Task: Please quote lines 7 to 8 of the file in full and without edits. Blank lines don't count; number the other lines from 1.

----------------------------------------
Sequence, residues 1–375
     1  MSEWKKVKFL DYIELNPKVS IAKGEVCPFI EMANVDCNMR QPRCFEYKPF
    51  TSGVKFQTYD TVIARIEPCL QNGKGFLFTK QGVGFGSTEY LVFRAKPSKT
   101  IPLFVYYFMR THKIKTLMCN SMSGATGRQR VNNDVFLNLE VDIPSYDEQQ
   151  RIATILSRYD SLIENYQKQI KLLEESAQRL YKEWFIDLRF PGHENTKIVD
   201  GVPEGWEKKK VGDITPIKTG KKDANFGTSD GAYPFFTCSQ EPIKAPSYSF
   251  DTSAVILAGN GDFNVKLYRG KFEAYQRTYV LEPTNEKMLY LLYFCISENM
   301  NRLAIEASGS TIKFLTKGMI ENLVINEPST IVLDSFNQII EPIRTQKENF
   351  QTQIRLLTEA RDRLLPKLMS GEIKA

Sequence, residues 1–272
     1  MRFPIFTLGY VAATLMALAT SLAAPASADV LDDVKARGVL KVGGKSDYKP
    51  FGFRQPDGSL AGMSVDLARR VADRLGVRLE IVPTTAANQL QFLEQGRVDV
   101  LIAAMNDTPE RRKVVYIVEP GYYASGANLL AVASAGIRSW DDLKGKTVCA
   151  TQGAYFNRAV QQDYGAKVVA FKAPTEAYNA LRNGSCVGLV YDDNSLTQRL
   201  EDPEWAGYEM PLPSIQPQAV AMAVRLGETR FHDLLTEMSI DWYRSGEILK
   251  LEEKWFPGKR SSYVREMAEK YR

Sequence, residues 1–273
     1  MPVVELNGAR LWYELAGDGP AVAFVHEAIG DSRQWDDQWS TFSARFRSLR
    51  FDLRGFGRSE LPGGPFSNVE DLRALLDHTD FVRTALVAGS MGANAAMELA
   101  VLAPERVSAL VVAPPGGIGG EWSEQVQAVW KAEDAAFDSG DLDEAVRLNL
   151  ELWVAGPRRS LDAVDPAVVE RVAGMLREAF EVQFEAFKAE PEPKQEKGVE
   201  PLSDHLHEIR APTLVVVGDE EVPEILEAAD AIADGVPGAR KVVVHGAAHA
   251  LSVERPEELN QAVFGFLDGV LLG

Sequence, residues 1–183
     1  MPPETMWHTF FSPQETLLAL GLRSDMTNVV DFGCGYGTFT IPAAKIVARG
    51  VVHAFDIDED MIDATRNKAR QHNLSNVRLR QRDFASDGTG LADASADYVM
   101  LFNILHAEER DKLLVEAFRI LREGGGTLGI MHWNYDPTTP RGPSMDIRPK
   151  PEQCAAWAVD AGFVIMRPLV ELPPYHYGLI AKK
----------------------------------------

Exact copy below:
   251  DTSAVILAGN GDFNVKLYRG KFEAYQRTYV LEPTNEKMLY LLYFCISENM
   301  NRLAIEASGS TIKFLTKGMI ENLVINEPST IVLDSFNQII EPIRTQKENF